With stock markets crashing, Democratic candidates cancelling events and politicians scrambling to come up with a response, the coronavirus outbreak is casting a long shadow over US politics. But some Trump supporters say the growing crisis is largely the work of a familiar villain - the US media.
Conservative radio host and three-time congressional candidate Dan Bongino had a message for the almost 2,000 Donald Trump supporters gathered in an airport hotel convention room in the toney town of Palm Beach, Florida, on Tuesday night.
The president, he said, had made stopping the spread of the coronavirus his highest priority. He had the "finest minds" in the world working on it 24 hours a day, seven days a week. Vice-President Mike Pence, charged with heading the virus task force, was focused "like I've never seen him before in my life".
Despite these efforts, Bongino acknowledged, the president's power had limits - and that the virus was "very dangerous" and "highly contagious".
"He's not the Messiah," he said. "He can't just wave a wand and make this go away."
That the president is not an omnipotent political deity who leaves adversaries, human and viral alike, trembling in his wake was perhaps an unusual admission in a room full of supporters decked out in Donald Trump gear, surrounded by vendors hawking Donald Trump hats, t-shirts, hot sauce and posters of a beaming Trump family that proclaimed "God, Life, Trump".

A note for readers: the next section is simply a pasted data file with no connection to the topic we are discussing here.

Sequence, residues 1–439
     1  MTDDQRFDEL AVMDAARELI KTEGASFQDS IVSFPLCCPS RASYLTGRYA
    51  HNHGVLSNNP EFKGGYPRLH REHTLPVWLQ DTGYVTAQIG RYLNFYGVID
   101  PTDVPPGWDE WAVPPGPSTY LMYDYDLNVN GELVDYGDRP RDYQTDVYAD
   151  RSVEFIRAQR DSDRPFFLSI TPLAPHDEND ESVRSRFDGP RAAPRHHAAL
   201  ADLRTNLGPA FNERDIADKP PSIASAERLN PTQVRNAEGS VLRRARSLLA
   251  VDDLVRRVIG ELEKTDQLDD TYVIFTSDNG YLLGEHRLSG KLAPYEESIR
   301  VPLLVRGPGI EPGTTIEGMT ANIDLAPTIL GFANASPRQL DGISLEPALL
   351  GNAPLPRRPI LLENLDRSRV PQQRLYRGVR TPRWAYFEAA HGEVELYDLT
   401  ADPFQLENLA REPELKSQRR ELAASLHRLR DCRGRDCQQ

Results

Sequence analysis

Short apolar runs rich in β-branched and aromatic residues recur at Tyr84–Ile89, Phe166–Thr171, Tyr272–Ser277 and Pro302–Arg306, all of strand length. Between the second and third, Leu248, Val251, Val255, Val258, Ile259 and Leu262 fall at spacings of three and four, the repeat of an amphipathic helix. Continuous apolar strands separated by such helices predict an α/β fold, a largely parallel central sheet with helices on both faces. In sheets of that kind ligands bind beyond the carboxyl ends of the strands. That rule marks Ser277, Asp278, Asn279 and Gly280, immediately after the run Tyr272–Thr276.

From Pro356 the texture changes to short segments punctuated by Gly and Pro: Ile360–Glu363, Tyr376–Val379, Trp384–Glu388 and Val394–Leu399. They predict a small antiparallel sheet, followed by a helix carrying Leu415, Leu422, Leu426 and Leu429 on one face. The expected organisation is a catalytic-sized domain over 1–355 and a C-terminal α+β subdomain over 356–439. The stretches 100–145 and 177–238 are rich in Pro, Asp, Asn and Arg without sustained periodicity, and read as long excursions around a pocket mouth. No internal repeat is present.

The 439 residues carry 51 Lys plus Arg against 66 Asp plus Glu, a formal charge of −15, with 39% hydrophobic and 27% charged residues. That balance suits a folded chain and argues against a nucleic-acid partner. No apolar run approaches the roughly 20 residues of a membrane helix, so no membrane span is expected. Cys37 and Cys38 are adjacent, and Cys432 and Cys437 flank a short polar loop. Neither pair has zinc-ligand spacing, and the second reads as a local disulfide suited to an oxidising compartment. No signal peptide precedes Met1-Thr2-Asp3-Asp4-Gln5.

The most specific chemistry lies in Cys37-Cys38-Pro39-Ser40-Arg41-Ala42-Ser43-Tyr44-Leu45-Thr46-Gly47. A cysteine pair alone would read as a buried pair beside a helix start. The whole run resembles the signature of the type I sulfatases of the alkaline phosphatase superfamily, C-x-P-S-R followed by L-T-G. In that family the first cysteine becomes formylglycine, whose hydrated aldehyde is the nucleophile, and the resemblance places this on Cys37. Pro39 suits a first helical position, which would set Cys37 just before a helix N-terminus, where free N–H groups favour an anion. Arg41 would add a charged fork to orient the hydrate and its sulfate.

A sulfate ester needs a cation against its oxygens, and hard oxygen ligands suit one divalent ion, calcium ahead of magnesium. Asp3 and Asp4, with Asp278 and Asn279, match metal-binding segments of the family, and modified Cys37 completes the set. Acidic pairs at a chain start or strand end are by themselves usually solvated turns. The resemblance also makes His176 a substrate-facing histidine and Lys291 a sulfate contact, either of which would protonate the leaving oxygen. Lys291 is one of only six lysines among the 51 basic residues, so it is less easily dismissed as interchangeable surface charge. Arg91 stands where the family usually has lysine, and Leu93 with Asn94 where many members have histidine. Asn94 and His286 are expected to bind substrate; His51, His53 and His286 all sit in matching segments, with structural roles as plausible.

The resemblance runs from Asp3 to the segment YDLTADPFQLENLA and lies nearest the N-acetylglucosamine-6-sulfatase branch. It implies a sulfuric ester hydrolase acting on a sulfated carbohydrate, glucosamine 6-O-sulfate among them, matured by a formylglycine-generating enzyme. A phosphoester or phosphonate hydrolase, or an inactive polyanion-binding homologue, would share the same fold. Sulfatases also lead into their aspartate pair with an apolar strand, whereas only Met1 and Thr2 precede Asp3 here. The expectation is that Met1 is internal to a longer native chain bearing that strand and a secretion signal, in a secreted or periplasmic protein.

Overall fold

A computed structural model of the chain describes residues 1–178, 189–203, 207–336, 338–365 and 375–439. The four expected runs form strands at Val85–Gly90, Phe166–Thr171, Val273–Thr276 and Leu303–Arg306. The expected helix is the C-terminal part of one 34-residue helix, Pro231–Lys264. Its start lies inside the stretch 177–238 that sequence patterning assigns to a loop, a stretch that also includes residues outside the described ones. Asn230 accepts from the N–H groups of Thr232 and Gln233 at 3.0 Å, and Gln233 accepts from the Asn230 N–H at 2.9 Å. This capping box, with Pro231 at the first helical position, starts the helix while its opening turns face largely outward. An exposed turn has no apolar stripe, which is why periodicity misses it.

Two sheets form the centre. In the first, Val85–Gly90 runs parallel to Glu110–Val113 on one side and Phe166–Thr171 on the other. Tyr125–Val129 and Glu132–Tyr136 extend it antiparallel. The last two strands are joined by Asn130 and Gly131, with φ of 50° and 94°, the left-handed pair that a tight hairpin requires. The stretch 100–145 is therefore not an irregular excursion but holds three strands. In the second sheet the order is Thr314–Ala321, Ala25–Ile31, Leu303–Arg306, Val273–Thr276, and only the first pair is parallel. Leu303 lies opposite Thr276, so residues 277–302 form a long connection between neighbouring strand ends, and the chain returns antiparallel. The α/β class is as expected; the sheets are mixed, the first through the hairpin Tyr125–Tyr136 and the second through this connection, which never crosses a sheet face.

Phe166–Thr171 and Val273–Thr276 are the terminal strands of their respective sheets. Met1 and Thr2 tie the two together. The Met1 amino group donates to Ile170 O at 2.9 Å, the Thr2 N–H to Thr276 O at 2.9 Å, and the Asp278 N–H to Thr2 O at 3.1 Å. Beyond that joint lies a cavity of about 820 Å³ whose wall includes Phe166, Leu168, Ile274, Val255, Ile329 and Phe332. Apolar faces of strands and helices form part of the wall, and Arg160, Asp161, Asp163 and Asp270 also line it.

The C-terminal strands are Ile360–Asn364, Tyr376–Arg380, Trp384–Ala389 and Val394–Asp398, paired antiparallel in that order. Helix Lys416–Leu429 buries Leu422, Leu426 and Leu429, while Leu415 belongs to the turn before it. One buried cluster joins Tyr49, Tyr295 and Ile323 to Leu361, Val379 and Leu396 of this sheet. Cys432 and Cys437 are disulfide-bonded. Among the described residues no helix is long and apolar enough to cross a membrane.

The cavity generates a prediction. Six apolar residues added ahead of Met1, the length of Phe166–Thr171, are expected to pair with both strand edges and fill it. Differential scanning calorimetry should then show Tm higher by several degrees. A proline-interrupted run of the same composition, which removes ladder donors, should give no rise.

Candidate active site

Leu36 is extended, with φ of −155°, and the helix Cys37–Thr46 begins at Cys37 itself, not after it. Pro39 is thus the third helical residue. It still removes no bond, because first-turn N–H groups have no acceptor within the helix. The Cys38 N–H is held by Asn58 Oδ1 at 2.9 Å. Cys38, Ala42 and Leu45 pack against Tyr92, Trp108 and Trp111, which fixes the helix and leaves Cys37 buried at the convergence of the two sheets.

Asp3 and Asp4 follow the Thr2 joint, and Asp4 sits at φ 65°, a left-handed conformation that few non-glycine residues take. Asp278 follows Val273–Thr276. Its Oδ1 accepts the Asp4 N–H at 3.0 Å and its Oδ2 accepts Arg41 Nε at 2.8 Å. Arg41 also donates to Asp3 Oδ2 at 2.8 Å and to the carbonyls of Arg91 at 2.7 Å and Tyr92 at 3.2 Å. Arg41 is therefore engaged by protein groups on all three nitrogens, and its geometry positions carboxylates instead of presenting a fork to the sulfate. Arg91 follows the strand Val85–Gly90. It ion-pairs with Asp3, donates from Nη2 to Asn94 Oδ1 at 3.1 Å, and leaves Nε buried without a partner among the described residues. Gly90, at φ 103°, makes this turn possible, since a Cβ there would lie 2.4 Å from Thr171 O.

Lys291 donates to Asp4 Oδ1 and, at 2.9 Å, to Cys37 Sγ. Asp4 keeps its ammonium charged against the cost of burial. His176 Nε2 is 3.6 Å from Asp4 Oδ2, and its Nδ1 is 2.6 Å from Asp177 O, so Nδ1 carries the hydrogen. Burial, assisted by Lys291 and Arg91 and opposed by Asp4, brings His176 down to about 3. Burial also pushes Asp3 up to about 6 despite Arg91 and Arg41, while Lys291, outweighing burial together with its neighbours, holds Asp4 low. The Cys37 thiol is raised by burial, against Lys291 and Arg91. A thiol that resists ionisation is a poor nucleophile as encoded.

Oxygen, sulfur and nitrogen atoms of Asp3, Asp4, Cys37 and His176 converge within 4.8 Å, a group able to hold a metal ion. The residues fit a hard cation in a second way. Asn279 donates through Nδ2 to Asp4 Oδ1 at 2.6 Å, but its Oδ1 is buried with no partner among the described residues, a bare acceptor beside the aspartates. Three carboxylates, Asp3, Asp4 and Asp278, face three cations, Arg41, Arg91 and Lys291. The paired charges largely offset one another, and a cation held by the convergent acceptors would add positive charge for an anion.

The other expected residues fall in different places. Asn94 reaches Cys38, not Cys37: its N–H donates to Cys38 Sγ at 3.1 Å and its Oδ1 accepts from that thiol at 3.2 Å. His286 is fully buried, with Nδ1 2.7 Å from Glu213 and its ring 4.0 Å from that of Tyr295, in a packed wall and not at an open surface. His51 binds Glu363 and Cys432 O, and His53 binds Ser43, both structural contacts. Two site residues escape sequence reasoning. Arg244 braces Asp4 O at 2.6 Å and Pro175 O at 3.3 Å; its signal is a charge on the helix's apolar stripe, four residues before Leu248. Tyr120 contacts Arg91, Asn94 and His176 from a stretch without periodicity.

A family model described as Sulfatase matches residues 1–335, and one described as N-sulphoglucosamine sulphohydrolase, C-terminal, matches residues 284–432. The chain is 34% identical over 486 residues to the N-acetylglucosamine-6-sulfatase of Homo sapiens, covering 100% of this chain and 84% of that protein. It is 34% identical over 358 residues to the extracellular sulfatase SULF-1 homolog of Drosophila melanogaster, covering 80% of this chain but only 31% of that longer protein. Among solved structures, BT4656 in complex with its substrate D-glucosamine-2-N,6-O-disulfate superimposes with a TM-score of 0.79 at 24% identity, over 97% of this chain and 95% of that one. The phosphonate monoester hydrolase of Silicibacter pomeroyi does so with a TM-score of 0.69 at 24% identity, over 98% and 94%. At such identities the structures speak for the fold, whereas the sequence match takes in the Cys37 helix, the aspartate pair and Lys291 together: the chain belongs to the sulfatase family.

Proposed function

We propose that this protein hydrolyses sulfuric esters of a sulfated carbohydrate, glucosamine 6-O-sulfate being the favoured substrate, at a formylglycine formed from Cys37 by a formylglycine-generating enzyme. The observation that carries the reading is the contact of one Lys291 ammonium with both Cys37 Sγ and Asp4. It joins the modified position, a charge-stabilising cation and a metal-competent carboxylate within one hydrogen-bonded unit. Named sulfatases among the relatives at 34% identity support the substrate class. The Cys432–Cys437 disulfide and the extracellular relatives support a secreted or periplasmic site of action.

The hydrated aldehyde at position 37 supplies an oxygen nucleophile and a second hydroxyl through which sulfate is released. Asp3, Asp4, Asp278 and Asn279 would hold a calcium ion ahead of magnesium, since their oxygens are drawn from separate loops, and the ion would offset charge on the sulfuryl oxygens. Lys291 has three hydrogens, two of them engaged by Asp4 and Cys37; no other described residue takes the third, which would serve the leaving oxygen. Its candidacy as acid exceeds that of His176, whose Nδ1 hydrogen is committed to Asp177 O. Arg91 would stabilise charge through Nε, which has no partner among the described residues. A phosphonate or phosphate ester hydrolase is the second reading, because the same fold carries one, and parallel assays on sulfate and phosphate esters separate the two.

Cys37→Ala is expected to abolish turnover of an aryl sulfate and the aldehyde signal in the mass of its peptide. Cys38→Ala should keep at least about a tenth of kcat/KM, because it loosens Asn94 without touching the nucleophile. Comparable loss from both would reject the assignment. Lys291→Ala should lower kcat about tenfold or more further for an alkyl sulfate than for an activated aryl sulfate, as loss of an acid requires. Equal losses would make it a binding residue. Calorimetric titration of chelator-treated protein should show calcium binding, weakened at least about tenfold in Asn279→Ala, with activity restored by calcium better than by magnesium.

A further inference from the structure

Less surprising, however, was that Bongino placed the blame for the growing crisis at the feet of the mainstream media, which he said "engaged in a pathetic disgusting pile-on" to damage the president's political standing by making it appear that his administration was not doing enough to combat the spread of the virus and help those infected.
"Just when I think we've hit a new low, they impress me again with their depravity," he said. "They blast right through the damn floor, and they reside in the basement."
Bongino ended his remarks on an up note, however, saying the US had been through wars, revolutions, the Spanish flu and "hippies" - and survived.
"We'll get through this," he said. "We'll fix it."
After Bongino concluded his presentation and retired to a table to pose for photographs and give his autograph to those who paid $30 (£23) in cash for a copy of his new book, people present echoed his sentiments.
"Donald Trump is a brilliant guy," said Mike Huey of Palm Beach Gardens. "He knows how to surround himself with brilliant people, and I'm sure he's doing every thing he can to control the situation."
Huey, who runs an online disaster preparation and survivalist gear company, said he has "100% confidence" that the president is doing the right thing.
Despite those efforts, Trump hasn't found a way to arrest the steep drop in the stock market over the past few weeks, however. Given that the president has frequently boasted about market gains over the past three years, this reversal of fortune threatens to undermine what would have been a key selling point for his re-election campaign in the autumn.
Maggie VandenBerghe, a California filmmaker in town for an event at Trump's nearby Mar-a-Lago club, said the president's enemies in the press were to blame for "the scope of the hysteria".